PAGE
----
For example, languages consist of individual words that combine in meaningful ways to create sentences. In isolation, the words “I”, “you”, and “love” don’t mean much — but when combined into a sentence, “I love you”, suddenly they carry great importance.

Similarly, music — at its most basic level — consists of individual notes. Like words, these aren’t particularly meaningful by themselves: hearing an E flat in isolation likely won’t stir up any serious emotions. But when you combine the E flat with a C and a G, you have a C minor chord: something meaningful has been formed.

2. They involve the same areas of the brain

For decades, scientists have isolated specific brain regions that are responsible for the comprehension and production of language. One of the more notable regions is Broca’s area, which is located in the left-hemisphere frontal lobe and plays a crucial role in language comprehension and production. Specifically, Broca’s area seems to be responsible for our ability to use syntax —the structural rules that languages have so that sentences make sense.

Recent studies have also found that Broca’s area is crucial in the comprehension and analysis of music. Indeed, brain scans have found increased neural activity in Broca’s area when subjects heard and interpreted both speech and music. Further, research shows that, compared to non-musicians, musicians have a greater volume of grey matter in Broca’s area, suggesting that Broca’s area may be responsible for both speech and music.

3. Musical training can improve language skills

music and language

Image via Montserrat Labiaga Ferrer / flickr

In 2011, developmental psychologists from Justus-Liebig University in Germany conducted a study to examine the relationship between the development of music skills and language skills. To do this, they separated pre-schoolers into two groups, one of which received daily music lessons at school.

Later, they measured the pre-schoolers’ phonological awareness, which refers to their general ability to use and manipulate language. For example, children with good phonological awareness can recognize when words rhyme, can successfully identify individual sounds within words, and can blend together individual sounds to create words. Early phonological awareness has been shown to be a predictor of enhanced reading skills later in life.

The study found that the children who received daily music lessons ended up with higher levels of phonological awareness than those who did not. This suggests that the development of music skills and language skills go hand in hand, which makes sense if music and language are served by the same underlying brain areas.

As you can see, there are more parallels between language and music than meet the eye! On both a descriptive and neural level, language and music have a lot in common. As language learners, you can take advantage of this relationship by incorporating foreign-language music into your daily language-learning routine. In addition to providing you with great music to listen to, you’ll be exercising the same part of your brain that’s responsible for language skills.

Do you listen to music in your target language? What are some of your favorite foreign-language songs? Let us know — leave a comment!

Paul writes on behalf of Language Trainers, a language tutoring service that offers German classes in Dublin, as well as courses for other languages all throughout the world. You can check out their free foreign-language level tests and other language-learning resources on their website. Visit their Facebook page or contact if you have any questions or if you’d like more information.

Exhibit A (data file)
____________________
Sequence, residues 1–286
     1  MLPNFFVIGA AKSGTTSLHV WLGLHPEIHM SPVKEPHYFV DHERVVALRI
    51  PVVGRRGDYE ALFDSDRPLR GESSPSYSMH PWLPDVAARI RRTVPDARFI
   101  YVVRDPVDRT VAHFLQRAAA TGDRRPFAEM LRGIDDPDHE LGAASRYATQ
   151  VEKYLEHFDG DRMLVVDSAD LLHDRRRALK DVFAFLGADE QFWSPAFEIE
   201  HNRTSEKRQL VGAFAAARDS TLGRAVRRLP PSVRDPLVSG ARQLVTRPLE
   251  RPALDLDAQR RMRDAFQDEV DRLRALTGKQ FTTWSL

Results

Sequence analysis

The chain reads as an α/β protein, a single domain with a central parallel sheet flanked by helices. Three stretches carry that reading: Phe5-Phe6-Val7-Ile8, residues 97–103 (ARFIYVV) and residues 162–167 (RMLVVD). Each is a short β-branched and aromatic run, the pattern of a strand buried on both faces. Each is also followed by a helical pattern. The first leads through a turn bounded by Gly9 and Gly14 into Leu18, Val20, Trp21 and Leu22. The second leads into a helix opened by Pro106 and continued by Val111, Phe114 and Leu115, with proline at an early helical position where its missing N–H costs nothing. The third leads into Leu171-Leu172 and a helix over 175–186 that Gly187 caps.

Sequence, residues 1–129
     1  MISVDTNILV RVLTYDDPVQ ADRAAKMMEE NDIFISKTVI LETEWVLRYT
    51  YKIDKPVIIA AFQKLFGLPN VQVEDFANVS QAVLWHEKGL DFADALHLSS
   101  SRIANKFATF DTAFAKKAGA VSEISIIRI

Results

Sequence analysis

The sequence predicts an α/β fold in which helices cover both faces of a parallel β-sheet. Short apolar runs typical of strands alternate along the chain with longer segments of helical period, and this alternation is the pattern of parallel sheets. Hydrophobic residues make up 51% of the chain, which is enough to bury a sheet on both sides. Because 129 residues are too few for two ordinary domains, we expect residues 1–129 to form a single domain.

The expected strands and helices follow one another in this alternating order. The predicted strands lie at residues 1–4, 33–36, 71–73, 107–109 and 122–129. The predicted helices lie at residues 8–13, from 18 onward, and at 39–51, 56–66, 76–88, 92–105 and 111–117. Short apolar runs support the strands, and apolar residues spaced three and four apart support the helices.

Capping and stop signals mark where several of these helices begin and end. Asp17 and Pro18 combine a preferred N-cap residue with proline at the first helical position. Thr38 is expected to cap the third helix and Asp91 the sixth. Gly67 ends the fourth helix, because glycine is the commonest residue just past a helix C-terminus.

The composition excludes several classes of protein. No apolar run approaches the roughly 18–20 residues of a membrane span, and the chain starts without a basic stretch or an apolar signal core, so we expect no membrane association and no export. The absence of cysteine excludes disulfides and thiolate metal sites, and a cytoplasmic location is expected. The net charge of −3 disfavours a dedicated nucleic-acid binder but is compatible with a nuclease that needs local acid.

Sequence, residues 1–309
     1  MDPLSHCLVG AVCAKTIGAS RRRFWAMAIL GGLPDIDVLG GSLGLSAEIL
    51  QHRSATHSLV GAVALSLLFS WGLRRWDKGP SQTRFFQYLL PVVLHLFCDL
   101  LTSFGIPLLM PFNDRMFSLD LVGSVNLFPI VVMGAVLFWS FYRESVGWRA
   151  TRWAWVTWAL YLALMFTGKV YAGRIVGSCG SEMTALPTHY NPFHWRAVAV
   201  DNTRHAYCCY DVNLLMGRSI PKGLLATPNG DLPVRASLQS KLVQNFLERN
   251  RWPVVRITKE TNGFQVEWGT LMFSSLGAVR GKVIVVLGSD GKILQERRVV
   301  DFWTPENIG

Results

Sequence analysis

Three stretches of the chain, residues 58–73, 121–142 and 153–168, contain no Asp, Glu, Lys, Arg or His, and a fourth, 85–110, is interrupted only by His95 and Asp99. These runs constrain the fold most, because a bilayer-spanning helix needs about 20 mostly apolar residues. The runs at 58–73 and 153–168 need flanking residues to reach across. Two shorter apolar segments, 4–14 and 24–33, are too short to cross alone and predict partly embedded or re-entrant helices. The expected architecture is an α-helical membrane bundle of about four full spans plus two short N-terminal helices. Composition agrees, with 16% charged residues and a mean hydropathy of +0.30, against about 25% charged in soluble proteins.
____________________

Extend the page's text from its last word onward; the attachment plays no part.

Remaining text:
The power of song in language learning

Everyone has individual tips and specific techniques on how to learn a language quickly and effectively, ranging from immersing yourself in the culture of the language to listening to hours of vocabulary when asleep. During my final year of secondary school I had to learn French, to a very high standard, in around six months, so was more than willing to try any tip that people provided, however ridiculous they initially sounded.  One of the most successful of these recommendations was listening to familiar songs in French. This began with Disney songs, including those from The Lion King and The Little Mermaid, and then later transitioned into pop songs ranging from Bruno Mars to Celine Dion.

musicThe key to this method of learning is being familiar with the lyrics, and subsequently being able to attribute each lyric you hear to the corresponding line in English. Whilst instant translation can normally be a struggle, the tune and the story told through the song aid a learner’s ability to translate much more quickly, and eventually remove the need to translate at all. By the time the song has been played for the fifth or sixth time, the language becomes familiar and instinctively understood. Listening to The Lion King on repeat for an hour, as instructed by my French teacher, means that I will never forget the word for ‘king’ in French.

When learners become slightly more confident in their language, it is a great step to listen to a few songs which were originally written in the language being learnt. Obviously even the complete beginner is welcome to listen to native songs, but it can seem very overwhelming at first. Songs tend to move a lot quicker than normal conversation, and so it’s very easy to get lost in the speed of the lyrics and not take a lot in. However perseverance, as with any aspect of language learning, is key. Find a song that is relatable and enjoyable and listen to it a few times. If necessary the English translations for pretty much every song are available somewhere on the internet, and can help the initial process along. This process is how I discovered a genuine passion for French jazz, led by the multilingual Ben L’oncle Soul.